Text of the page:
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had refused to a thousand prayers. ... The crowd, the hurry of the Gare, the shutting doors, the colporteur crying Journaux', the impatient guards : all these trivialities give a joy I cannot conquer, a blessedness with which I am at strife to no purpose. I see written,
In one day I shall be at this English · Tesoretto': I shall be with her in one day. ...
XVI Happiness, however, accordantly with the word, chances on us sometimes before we had expected her. With a sense of life and exultation naturally called forth by the Sea, at least from Englishmen, I had crossed to England under that clear arch of sunlight buttressed on the white cliffs of antagonist coasts, which so frequently, I think, spans this ocean interval.
Let no one ask me how it came to pass ;
reading, a few lines together, the last gift of the great Poet- a tale published at the moment, I thought, as if by the surpassing force and delicacy of these lines and many more, to add passion to passion — the journey seemed of unexpected brevity. Railway arrangements made it my shortest route to the H-coast to take London on the way. An additional reason was, that I could at once call and ascertain from the servants of the house the latest news of their absent family. Désirée rode up as I came to the door : the first welcome to England came from her lips: the request that I would at any rate, return to-morrow, and fix the scheme for our southward
journey, which could not be arranged without next morning's letters. We entered the house meanwhile. I could have kissed the walls in the plenitude of my heart's delight, and the ' beam from the timber ’ seemed to answer
Then we sat side by side : her lately married sister, who for a few days had requested her company, was there : Désirée explained the little family circumstances which had brought her to London, and, avoiding any allusion of too soul-arousing significance, endeavoured anxiously, I saw, to give me that peculiar pleasure, resumption into the circle of "household hearts 'that might be mine too, if so I would be content to have it. Who could calmly measure, and so received by the Lady of his love, the exact limits of happiness ? Why, at one moment, when she said · You were once interested in such and such things, did the lips hesitate, and the sorrise parolette grow deep and sad, and like echoes from that irrevocable once itself ? I answered away from the purpose: I thought a star-crowned Angel passed over us; a higher Power present, and leading to celestial determinations.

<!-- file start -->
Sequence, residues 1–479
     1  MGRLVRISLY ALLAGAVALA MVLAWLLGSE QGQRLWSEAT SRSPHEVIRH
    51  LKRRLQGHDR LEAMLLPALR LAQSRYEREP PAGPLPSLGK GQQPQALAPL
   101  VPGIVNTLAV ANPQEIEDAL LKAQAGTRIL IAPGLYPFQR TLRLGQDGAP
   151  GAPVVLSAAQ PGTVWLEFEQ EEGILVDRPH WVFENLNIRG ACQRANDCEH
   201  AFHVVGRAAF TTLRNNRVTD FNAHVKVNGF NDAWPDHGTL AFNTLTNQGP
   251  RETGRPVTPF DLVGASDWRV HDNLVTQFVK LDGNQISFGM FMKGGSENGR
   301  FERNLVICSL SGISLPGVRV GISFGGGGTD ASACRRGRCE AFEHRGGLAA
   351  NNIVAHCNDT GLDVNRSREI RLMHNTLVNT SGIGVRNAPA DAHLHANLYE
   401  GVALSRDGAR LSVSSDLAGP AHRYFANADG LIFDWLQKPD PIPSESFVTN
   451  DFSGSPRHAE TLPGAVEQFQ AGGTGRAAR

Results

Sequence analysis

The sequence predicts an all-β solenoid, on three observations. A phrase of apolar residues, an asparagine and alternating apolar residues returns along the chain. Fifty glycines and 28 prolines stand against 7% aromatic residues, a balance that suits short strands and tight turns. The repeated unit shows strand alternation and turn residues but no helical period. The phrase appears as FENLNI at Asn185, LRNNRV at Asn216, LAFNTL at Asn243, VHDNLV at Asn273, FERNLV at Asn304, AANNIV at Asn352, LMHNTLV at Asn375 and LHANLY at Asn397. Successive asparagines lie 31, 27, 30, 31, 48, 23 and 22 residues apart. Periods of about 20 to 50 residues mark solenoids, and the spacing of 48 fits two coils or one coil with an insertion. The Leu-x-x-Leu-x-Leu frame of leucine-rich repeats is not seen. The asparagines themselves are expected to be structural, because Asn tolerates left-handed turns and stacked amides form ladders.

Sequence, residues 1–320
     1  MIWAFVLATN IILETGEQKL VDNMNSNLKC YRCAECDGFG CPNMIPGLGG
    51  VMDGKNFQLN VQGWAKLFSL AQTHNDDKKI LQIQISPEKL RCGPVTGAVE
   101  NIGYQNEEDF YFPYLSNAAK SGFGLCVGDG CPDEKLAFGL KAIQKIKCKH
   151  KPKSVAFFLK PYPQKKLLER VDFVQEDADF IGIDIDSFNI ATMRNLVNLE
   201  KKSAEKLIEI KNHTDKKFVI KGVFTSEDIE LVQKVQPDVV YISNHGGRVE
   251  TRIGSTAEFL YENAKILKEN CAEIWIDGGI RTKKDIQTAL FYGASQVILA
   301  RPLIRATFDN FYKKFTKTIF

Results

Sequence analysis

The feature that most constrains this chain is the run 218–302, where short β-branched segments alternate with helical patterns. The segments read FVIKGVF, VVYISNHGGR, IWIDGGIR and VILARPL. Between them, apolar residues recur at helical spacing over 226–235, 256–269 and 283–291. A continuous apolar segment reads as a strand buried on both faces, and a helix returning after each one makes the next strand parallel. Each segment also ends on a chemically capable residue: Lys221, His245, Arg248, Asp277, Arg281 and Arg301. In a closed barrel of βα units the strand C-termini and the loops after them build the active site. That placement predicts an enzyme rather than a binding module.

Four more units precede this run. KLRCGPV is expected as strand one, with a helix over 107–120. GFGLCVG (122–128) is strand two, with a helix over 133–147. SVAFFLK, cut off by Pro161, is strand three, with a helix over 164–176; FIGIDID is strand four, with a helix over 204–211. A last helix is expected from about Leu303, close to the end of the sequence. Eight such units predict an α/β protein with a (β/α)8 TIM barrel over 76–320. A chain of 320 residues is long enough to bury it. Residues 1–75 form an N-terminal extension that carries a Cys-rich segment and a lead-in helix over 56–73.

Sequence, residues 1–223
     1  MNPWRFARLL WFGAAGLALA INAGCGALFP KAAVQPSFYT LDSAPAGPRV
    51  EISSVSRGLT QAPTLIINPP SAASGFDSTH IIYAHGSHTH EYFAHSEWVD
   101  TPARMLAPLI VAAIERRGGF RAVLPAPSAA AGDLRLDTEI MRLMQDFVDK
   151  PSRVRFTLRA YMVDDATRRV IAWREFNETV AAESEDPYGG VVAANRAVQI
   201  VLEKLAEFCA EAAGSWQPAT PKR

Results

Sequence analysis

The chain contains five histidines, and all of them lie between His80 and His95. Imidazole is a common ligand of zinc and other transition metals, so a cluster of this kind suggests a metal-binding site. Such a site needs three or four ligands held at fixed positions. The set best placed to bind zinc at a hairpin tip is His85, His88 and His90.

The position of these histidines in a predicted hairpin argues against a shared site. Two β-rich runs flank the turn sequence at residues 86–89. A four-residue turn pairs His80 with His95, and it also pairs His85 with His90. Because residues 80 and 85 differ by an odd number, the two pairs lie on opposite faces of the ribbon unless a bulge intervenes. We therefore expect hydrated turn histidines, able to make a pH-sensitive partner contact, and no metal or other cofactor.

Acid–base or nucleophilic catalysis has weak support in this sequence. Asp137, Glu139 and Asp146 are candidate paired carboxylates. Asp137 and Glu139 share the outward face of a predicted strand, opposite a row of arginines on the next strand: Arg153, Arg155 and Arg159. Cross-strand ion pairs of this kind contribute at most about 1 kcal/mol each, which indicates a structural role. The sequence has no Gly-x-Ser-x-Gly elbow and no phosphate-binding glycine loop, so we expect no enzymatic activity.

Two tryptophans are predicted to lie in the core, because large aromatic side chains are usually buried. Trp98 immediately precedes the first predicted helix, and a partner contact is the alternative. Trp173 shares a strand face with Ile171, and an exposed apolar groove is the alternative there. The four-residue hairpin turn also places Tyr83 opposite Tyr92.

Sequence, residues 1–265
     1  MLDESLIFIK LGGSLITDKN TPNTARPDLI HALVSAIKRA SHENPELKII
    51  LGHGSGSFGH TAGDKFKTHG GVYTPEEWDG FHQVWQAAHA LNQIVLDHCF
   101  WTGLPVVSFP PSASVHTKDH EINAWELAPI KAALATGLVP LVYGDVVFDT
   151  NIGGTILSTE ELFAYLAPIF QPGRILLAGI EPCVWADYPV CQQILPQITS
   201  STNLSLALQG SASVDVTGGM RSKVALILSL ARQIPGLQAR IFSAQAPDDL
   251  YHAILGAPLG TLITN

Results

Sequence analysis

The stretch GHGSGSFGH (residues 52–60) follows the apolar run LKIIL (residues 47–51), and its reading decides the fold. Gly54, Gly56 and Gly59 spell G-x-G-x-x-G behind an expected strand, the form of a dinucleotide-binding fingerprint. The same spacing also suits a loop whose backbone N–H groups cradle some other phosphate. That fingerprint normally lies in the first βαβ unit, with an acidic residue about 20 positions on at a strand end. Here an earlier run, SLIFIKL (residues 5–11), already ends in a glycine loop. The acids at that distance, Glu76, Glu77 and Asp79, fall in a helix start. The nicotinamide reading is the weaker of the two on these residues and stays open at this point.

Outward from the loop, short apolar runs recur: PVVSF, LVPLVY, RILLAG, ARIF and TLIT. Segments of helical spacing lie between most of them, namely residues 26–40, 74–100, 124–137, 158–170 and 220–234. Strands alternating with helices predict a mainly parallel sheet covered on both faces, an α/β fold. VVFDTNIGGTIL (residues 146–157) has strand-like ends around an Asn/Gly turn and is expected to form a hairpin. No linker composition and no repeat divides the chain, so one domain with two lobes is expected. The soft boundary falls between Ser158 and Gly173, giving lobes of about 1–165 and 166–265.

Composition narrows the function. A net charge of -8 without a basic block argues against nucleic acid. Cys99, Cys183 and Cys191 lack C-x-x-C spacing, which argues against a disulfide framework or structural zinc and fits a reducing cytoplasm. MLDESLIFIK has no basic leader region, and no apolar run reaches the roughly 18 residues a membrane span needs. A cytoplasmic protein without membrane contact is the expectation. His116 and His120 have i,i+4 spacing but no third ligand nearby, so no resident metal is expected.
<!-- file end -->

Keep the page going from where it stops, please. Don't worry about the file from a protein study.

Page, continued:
So warst du denn im Paradies empfangen,
These were sixty minutes sunnier than sunlight: we had been speaking throughout indeed with the pressure and rapidity of those who meet after long separation, yet so profound was the sense of blessedness that penetrated them, they seemed to have run by in an absolute and soulsubduing silence. Though bearing with me nothing but what has been here noted for special or definite remem
brance, when I left it was glorified in heart and head, as the Prophet coming from the Mount and the Vision, with the emanations of her presence.
Che parlo ? o dove sono? e chi m'inganna
- But that night I could not read, I could not sleep, I was so disturbed by this dear image: by her first sad sweet gaze as we stood talking alone : by the smiles that followed : by the meeting for to-morrow promised as if the all to me was something now to Désirée. There had been a power on me as we spoke: a fascination gradually growing, I knew not how or why or to what issues : an awe I would call it, not fear, yet compelling me to silence:
as though the passage of some ultimate moment, some great crisis pre-ordained through eternity were striking on the silver bells of Paradise. ...0 voice so long unheard, so late regranted, confiding depth of sincere and eloquent eyes, pursuing glance of the face more desired than the faces of Heaven, shaking me through the deepest depths of Resignation, and what was your significance ?
Let the sweet heavens endure,